Bunker silos covered with plastic and tires could be a thing of the past someday. In their place could be an edible covering currently under investigation at the University of Illinois.

Researchers Larry Berger and J. Sewell began exploring the concept of covering bunkers with an edible material a few years ago. Their preliminary work showed an edible covering made of a salt-starch combination did a good job reducing spoilage. "We had a significant reduction in spoilage with our salt-starch covering," says Berger, a beef nutritionist at the University of Illinois.

However, applying the mixture to silage proved to be too labor intensive and time consuming, so they headed back to the lab for a better idea.

The result of their most recent work is a modified formula that effectively protects the silage from spoilage, and a new application technique that is much easier to apply to silage in a bunker.

The new edible covering is still made of a salt-starch combination, but it has a few modifications. For example, the new formula calls for ground wheat instead of flour and tap water instead of boiling water. It also does not contain soybean oil and potassium bitartrate, like in the original recipe. Berger and Sewell also reduced the covering’s moisture level from 50 percent to 30 percent in the new formula.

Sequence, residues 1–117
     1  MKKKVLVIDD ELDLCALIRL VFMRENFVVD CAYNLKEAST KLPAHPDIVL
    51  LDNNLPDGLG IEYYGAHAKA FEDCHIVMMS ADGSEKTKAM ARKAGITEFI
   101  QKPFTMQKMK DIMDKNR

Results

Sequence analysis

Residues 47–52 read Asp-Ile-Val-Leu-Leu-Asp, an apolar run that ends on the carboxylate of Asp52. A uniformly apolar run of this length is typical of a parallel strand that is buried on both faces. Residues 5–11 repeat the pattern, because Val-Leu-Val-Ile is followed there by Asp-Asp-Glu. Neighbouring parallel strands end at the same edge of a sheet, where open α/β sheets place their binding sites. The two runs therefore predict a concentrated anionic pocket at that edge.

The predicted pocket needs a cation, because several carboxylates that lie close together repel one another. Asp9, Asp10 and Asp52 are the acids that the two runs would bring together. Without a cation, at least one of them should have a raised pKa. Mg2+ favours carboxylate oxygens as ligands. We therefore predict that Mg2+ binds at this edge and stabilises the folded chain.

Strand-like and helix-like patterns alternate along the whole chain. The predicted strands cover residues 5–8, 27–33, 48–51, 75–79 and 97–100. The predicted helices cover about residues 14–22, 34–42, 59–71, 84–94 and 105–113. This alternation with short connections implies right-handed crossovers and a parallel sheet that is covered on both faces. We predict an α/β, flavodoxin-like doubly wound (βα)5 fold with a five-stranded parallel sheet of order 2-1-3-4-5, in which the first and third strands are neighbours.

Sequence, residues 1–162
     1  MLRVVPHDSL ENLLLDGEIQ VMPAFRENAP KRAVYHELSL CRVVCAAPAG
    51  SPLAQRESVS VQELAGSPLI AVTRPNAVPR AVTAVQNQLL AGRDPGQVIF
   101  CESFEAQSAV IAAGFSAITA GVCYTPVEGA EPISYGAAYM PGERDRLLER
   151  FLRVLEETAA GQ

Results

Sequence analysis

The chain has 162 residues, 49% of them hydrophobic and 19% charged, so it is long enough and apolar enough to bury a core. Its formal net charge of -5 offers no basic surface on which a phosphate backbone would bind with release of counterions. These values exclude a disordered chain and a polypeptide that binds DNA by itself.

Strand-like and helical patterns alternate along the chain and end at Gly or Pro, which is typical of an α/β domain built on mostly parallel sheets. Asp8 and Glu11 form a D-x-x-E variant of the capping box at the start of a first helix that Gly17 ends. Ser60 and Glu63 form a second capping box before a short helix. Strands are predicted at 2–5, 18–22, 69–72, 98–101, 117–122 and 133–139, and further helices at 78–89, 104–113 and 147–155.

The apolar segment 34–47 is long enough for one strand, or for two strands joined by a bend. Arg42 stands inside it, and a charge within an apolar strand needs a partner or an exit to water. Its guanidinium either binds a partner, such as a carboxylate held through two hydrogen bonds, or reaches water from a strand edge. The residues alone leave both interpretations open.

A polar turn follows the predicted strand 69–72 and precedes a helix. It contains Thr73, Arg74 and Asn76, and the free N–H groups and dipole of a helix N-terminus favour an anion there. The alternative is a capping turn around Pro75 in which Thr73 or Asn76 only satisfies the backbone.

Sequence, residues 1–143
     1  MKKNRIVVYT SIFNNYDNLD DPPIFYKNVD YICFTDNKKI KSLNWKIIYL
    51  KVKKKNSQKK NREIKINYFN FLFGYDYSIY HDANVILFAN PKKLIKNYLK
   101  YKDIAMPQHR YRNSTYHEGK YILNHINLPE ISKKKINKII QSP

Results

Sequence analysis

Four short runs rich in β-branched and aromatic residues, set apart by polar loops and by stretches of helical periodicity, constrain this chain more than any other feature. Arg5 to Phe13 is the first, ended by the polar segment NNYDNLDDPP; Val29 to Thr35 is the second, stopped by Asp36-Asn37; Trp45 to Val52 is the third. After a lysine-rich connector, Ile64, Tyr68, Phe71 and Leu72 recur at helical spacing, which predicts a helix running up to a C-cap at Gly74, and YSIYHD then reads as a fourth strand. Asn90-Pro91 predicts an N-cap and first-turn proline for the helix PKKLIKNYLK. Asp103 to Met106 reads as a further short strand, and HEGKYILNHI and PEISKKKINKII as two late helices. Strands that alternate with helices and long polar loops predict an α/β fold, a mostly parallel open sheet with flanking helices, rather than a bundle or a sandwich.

Although they were interested in the edible covering’s effectiveness at reducing spoilage, the researchers were most interested in finding a practical way to apply it on large bunkers. Their investigation led them to try three tools not typically used to cover a bunker: a concrete pump, an air compressor and a garden sprayer.

They used a commercial concrete pump with a vertical shaft mixer to mix the ingredients. They chose this equipment because it can be powered by a tractor’s hydraulic system, which would make it more practical to apply on-farm. Next, they used a commercial air compressor to spray the mixture on the silage. On top of that they sprayed an edible wax using a small garden sprayer.

The results show the coverings effectively protected the silage and reduced spoilage, Berger says. And when they fed the covering at the rate of 2.5 percent of total diet dry matter to growing beef heifers, the animals didn’t suffer reduced intake, nor did they sort the cover. "The animals consumed it readily," Berger says.

Although more work is needed before this technique can be applied on-farm, the use of an edible covering may be cost-effective. Berger estimates the cost to be 10 to 12 cents per square foot of silage. The other added benefit of an edible covering is that it eliminates the need to dispose of the used plastic.

The study’s results were reported at the joint dairy and animal science meetings held in Phoenix, Ariz., earlier this summer.